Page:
Closed-circuit television, or CCTV, is the use of video cameras to transmit video signals to a specific place, for example, an employer’s monitoring station. It differs from normal television in that the video signal is not openly transmitted. It is used extensively in environments such as banks and casinos as a means of monitoring the activities of customers, employees or others using the premises. In the case of employees, one application of CCTV is to allow companies to monitor whether employees are conforming to policies, for example, only smoking in smoking-designated areas.
Getting the balance right
With CCTV there is an important balance to be struck between the rights of employers and their employees’ rights to privacy. This need for balance is well illustrated in the case of Patricia Heffernan versus Dunnes Stores.
Dunnes Stores operates a Value Club scheme whereby the customer’s value card is swiped at the till and points are earned relating to the value of purchases made. These earned points can be converted to vouchers which in turn can be redeemed against future purchases.
The Employment Appeals Tribunal ruled that the employee had been unfairly dismissed even though the employee had accepted that over a period from 2008-2009 she had applied points to her own card from purchases made by customers. In its 2010 determination (ref. UD 1355/09) the Tribunal ruled that Dunnes Stores had acted unreasonably. Part of the evidence cited for this was that they had “conducted a covert operation involving CCTV footage studies”. Moreover, the Tribunal questioned if Dunnes Stores “was correct in allowing the claimant to continue using her Value Club Card in the manner she was without generally notifying the workforce that such card use was unacceptable”.
Covert Surveillance Not Allowed
So employers need to be very careful in their use of CCTV. Covert surveillance as a normal matter of course is not permitted, as CCTV footage is considered personal data under the Data Protection Acts of 1988 and 2003. (All employers are considered data controllers under the Acts as they gain and hold personal data concerning their employees.) The Office of the Data Protection Commissioner has advised that “covert surveillance is normally only permitted on a case by case basis where the data is gathered for the purposes of preventing, detecting or investigating offences, or apprehending or prosecuting offenders. This provision automatically implies an actual involvement of An Garda Síochána or an intention to involve An Garda Síochána”.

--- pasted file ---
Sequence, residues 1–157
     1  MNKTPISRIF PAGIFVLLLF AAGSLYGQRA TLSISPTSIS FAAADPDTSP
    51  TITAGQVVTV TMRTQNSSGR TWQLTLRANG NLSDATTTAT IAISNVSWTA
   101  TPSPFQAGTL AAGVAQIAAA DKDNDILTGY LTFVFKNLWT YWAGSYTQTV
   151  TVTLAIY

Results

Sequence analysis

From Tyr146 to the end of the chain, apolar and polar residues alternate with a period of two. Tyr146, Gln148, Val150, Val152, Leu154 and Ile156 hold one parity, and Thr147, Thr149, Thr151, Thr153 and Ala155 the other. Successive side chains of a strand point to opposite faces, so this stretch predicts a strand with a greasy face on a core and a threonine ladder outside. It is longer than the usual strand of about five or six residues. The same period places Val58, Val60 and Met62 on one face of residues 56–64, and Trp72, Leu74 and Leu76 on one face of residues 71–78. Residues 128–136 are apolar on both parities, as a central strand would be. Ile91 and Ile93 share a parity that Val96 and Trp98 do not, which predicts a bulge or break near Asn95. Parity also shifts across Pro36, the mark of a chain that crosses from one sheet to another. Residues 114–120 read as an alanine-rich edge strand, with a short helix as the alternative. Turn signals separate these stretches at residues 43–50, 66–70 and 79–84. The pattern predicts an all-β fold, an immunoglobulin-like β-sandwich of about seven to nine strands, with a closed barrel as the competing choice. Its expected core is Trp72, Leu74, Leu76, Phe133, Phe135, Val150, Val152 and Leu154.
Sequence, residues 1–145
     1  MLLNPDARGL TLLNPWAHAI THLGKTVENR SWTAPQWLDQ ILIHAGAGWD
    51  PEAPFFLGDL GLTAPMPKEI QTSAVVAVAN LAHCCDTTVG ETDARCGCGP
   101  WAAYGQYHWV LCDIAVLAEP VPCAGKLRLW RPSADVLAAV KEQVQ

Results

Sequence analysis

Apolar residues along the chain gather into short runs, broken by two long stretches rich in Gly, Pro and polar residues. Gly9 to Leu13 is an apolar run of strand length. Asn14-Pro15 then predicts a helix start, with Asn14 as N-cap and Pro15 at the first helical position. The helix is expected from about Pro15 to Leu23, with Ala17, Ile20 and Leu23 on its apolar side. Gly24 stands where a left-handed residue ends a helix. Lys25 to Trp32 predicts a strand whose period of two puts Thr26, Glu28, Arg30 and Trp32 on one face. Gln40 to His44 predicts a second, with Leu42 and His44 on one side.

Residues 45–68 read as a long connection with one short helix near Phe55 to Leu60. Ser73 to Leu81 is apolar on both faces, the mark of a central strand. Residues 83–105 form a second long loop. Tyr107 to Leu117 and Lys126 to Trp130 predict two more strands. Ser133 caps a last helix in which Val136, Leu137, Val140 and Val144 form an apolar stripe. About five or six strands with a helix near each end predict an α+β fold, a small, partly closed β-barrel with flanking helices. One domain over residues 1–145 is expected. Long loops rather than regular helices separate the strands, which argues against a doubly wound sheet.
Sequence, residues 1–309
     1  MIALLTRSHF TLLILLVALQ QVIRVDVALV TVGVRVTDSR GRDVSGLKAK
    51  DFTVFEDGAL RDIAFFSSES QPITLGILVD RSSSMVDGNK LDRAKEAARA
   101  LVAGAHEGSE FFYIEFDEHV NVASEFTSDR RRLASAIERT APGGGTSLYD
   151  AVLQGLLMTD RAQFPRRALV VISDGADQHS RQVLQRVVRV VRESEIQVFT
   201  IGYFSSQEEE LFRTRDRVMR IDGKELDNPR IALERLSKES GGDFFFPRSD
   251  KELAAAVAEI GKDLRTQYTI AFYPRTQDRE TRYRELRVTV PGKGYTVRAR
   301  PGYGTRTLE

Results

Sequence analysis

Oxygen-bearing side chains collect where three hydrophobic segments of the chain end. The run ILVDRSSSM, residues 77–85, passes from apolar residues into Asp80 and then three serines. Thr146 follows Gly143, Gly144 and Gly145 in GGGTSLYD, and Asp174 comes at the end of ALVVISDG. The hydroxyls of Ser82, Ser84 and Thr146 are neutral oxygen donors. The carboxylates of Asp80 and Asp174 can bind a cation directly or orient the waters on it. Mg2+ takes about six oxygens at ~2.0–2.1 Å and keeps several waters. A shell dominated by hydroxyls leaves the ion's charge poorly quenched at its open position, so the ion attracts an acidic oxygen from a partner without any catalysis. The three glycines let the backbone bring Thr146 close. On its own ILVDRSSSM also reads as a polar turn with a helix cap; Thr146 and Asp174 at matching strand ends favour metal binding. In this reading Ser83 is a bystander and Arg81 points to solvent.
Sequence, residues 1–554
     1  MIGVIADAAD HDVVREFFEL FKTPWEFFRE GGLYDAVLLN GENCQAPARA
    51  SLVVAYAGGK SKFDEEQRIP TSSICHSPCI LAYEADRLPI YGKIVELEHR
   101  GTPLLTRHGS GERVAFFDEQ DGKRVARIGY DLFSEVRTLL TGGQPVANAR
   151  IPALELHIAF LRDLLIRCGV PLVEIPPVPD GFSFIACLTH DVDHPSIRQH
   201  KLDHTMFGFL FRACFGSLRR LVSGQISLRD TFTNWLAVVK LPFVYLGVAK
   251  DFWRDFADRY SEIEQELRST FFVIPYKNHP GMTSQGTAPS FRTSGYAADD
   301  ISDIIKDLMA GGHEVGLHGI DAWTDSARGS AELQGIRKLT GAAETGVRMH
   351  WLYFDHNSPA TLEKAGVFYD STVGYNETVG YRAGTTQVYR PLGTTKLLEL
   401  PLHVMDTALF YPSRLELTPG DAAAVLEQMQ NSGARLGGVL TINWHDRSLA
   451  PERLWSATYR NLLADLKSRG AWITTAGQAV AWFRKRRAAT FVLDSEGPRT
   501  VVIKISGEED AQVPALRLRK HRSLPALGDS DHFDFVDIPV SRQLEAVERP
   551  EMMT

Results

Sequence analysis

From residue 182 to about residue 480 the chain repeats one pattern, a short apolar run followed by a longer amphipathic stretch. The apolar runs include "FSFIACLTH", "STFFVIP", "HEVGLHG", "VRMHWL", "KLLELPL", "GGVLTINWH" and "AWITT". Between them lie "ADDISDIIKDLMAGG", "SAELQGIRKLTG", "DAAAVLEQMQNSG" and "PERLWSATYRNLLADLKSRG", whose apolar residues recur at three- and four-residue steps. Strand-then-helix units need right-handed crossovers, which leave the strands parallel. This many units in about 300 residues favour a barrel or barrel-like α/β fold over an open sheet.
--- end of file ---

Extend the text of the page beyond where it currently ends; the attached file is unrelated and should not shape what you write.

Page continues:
How one employer fell foul of the guidelines is well illustrated in a complaint made in early 2008 to the Office of Data Protection Commissioner by two employees who were concerned at “their employer’s intention to use CCTV recordings for disciplinary purposes” (case study 10). Their employer had used CCTV images to compile a log of when employees had entered and exited from their workplace. However, the employer had never told its employees the purpose of the CCTV cameras. After the Office informed the employer of their obligations under the Data Protection Acts the employer accepted the views of the Office and informed the employees that the company “was not in a position to pursue the matter of potential irregularities in attendance as it could not rely on CCTV evidence obtained in contravention of the Data Protection Acts” (case study 10). As the Office of the Data Protection Commissioner says, “Transparency and proportionality are the key points to be considered by any data controller before they install a CCTV system”.
Communicate Benefits to Employees
If an employer wishes to use CCTV surveillance as a matter of course, it is recommended that they obtain their employees’ consent to being monitored. The chances of obtaining employees’ consent will be helped by pointing out to employees the benefits of CCTV surveillance. These benefits include the ability to identify bullying and identification of when colleagues are not working (who should be). Presuming that such consent is obtained, employers should also post signs in prominent positions stating that CCTV cameras are in use.
Now, if a company has appropriately publicised CCTV monitoring, and if an employee is seen on CCTV breaking some rule, then the company is entitled to use the footage as part of a disciplinary process. The important point to note though is that the CCTV monitoring must have been “publicised”. And, even in that type of scenario, the employee should also be given the opportunity to review any footage being used against them and to also comment on it.
Here are some guidelines for employers considering the use of CCTV:
- Be open and reasonable
- Ask for consent for CCTV monitoring, clearly explaining the context and rationale
- Display prominently that the premises are being monitored
- Minimise intrusion of employee privacy
- Provide employees with footage that might be used against them in the disciplinary process
If you would like to discuss any of the issues mentioned here, call Mary Cullen or Liam Barton at Insight HR on 056 7701060 in complete confidence.